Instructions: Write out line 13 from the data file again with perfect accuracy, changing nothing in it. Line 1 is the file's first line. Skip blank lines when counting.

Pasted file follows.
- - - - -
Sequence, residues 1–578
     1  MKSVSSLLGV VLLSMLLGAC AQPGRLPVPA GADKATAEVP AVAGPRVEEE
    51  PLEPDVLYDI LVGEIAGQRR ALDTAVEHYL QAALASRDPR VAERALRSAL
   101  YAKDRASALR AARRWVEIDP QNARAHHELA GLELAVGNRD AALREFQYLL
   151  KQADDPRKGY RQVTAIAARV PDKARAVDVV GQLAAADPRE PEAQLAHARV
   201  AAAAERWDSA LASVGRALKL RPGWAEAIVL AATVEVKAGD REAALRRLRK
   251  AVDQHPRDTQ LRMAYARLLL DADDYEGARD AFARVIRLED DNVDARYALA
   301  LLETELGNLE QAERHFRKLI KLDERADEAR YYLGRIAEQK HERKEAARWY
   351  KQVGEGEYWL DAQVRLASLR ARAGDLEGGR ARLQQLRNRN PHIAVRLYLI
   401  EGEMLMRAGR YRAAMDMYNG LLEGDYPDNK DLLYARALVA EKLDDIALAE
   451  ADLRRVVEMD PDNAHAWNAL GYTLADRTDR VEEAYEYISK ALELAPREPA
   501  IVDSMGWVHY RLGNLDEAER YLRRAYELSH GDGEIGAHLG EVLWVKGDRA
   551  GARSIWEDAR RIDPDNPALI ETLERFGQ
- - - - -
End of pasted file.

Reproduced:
   551  GARSIWEDAR RIDPDNPALI ETLERFGQ